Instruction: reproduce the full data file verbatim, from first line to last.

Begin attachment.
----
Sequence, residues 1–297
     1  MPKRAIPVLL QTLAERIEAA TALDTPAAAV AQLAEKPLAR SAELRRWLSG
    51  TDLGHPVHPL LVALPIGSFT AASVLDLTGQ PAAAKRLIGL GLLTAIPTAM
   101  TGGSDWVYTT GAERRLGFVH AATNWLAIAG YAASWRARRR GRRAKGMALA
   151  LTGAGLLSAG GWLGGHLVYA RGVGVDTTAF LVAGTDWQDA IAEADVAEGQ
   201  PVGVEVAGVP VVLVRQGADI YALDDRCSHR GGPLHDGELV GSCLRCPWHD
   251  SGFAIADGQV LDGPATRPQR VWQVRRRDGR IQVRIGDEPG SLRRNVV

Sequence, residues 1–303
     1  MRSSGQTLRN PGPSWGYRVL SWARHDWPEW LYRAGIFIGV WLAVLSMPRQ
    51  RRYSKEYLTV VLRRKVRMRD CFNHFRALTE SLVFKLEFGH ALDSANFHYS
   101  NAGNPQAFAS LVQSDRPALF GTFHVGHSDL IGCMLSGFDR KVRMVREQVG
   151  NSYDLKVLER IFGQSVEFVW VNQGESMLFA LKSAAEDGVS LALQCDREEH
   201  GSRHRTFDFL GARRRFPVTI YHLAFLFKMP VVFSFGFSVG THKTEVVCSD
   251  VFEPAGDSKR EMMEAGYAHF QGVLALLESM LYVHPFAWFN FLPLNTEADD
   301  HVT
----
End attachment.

Sequence, residues 1–297
     1  MPKRAIPVLL QTLAERIEAA TALDTPAAAV AQLAEKPLAR SAELRRWLSG
    51  TDLGHPVHPL LVALPIGSFT AASVLDLTGQ PAAAKRLIGL GLLTAIPTAM
   101  TGGSDWVYTT GAERRLGFVH AATNWLAIAG YAASWRARRR GRRAKGMALA
   151  LTGAGLLSAG GWLGGHLVYA RGVGVDTTAF LVAGTDWQDA IAEADVAEGQ
   201  PVGVEVAGVP VVLVRQGADI YALDDRCSHR GGPLHDGELV GSCLRCPWHD
   251  SGFAIADGQV LDGPATRPQR VWQVRRRDGR IQVRIGDEPG SLRRNVV

Sequence, residues 1–303
     1  MRSSGQTLRN PGPSWGYRVL SWARHDWPEW LYRAGIFIGV WLAVLSMPRQ
    51  RRYSKEYLTV VLRRKVRMRD CFNHFRALTE SLVFKLEFGH ALDSANFHYS
   101  NAGNPQAFAS LVQSDRPALF GTFHVGHSDL IGCMLSGFDR KVRMVREQVG
   151  NSYDLKVLER IFGQSVEFVW VNQGESMLFA LKSAAEDGVS LALQCDREEH
   201  GSRHRTFDFL GARRRFPVTI YHLAFLFKMP VVFSFGFSVG THKTEVVCSD
   251  VFEPAGDSKR EMMEAGYAHF QGVLALLESM LYVHPFAWFN FLPLNTEADD
   301  HVT